Sat/Sun 19/20 November 2011. Kaimanawa FP.
Ten of us started from the Umukarikari car park on Kaimanawa Rd, heading for Waipakahi Hut, which has 12 bunks. We were all carrying sleeping mats and prepared for a night out. The Umukarikari track heads uphill for about two hours, with views of Lake Taupo on the way. On emerging from the beech forest, there are fantastic views of Ruapehu, Ngauruhoe and Tongariro and the central Kaimanawas to the east, and Urchin summit to the south. State Highway 1 is also clearly visible, and the cars travelling along it.
So we have the best views for our two days tramping on the tops, and the new blue track markers signify that track maintenance has been carried out. Just out of the bush, we decide to have lunch in a spot out of the cold wind. The Umukarikari range is a rolling landscape of rock with the occasional tussock. The Kaimanawa Mountains, with their series of ranges, look vast and endless. The track sidles around the base of Sharp Cone, and then it is up a scree slope to the top. From here, it is a steady walk admiring the views all the way along the tops. Side ridges obscure the Waipakahi hut and the river, but in the early afternoon they come into view.
I duck behind a rock trying to get out of the wind, whilst waiting for Les to join me. We decide to carry on until we descend off the tops and find a place that offers more wind protection. We have met a young hunter out for a day’s walk/hunt, and a couple also heading for Waipakahi hut tonight.
The walk from the Waipakahi River crossing up to the hut is filled with anticipation. We were last here in January 2009 when we did the Kaimanawa – Kaweka traverse. Wow… things have improved, with a newly extended deck. We settle in and enjoy the afternoon sun. Another two trampers arrive, and we organise the sleeping arrangements. They have never encountered such a large and noisy group before.
Our original plan had been for some of us to return via the Waipakahi River, and then up to the Urchin; however, we decided to do the re-opened track between the Umukarikari track and the Urchin track. We have two vehicles and two trampers/drivers who are prepared to connect us.
After being hammered by cyclones Bernie and Bola in 1982 and 1988, Urchin and Umukarikari tracks in the Kaimanawa Forest Park have finally been reconnected. The tracks suffered heavy damage in the storms when massive numbers of trees crashed to the ground and the section of track, approximately 5.5km long, from Sharp Cone (1481m) on the Umukarikari Range to Urchin (1392m) became impassable. (Alistair Hall, Wilderness April 2009)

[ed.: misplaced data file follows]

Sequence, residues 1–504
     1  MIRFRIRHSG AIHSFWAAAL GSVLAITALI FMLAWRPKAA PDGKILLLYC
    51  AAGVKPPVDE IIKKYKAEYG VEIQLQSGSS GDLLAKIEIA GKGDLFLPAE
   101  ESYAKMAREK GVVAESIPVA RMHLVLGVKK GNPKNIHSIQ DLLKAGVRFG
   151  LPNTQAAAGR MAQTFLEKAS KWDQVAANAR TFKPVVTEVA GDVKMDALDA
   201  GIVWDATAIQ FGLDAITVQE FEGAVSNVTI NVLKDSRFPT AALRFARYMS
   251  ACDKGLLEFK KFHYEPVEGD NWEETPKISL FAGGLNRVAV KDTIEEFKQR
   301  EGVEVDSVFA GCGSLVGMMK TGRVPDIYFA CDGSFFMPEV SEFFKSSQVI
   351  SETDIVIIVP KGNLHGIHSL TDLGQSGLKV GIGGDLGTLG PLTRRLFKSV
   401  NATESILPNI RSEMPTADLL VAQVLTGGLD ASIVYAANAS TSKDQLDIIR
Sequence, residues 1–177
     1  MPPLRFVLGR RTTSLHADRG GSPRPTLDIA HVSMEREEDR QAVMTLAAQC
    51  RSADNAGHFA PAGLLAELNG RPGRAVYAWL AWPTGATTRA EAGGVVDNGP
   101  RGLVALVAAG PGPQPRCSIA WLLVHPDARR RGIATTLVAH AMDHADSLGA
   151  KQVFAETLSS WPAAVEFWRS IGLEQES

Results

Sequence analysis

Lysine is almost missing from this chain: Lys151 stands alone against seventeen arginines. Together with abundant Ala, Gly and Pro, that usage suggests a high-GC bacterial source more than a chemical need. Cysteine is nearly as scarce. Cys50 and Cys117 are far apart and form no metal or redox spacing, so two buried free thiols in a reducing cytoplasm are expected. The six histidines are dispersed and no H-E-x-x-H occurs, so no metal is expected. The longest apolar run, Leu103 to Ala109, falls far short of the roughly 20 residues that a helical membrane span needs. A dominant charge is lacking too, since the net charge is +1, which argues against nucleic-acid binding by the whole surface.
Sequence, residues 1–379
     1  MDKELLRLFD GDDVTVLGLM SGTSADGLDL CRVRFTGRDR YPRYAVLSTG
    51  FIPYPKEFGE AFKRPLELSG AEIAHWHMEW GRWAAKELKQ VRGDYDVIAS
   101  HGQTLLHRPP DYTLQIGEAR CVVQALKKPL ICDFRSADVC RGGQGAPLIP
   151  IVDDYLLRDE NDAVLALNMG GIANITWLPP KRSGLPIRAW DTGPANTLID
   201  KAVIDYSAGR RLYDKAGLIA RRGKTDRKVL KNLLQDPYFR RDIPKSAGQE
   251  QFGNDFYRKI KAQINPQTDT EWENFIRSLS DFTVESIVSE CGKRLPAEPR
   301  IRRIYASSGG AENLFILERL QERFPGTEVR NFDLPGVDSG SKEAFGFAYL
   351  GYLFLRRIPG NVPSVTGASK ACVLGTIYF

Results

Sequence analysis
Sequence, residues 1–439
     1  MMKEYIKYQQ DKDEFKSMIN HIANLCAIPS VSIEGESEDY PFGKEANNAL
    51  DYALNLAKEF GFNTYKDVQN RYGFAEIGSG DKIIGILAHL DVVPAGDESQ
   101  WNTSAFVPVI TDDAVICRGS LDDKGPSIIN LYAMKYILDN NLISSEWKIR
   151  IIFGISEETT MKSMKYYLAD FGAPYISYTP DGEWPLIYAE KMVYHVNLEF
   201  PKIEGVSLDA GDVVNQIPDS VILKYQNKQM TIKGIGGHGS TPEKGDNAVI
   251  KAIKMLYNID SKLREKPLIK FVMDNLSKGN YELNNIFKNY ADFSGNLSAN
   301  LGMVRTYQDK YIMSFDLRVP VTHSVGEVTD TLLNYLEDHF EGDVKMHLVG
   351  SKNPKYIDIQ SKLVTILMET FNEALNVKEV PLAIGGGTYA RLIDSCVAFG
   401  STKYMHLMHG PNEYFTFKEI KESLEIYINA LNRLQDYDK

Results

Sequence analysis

The next day, we return up to the tops of the Umukarikari Range, again stopping to take photos and take a bearing on what we think is the Kaweka Range in the far distance. From the track junction, the ridge and Urchin tops are clearly visible, an easy walk to a small saddle and then a small ascent back to the tops. The DoC track timing is 2.30 – 3 hours, but we walk it in 2hrs 10 mins. It was easy going, but we marvelled at how difficult the track cutting must have been, as the bush is dense. The track winds its way through trees and a few undulations before we reach the bushline, after which it meets the junction for the river track. We stop and have lunch overlooking the river, again out of the wind, which is thankfully warmer than yesterday.
Walking across the Urchin tops, Simon sees the shiny object on an opposite ridge top. He had seen it yesterday, and we had speculated about it being a hut or space ship. It probably is a solar panel for a weather station, and it glints in the sun. We quickly made the trig post and posed for pictures (again), and then made a quick descent off the tops, through some lovely bush and trees. At times the Urchin track is 10ft wide, a contrast with the ridge track we had just traversed, which was narrow. At last we hear voices and arrive at the car park. We had done the whole walk in 6hrs 40 mins and were all pleased that we had walked the loop track, and covered new ground.
The weekend had been one of spectacular views, new tracks, improved huts, and – best of all – ten of us enjoying the weekend tramp.
Trampers: Ted Angove, Paul Exeter, Sue Martin, Sue Marshall, Denise Payne. Via the Urchin Les O’Shea, Alison Greer, Geoff Donkin, Simon Hill and Julia Mackie
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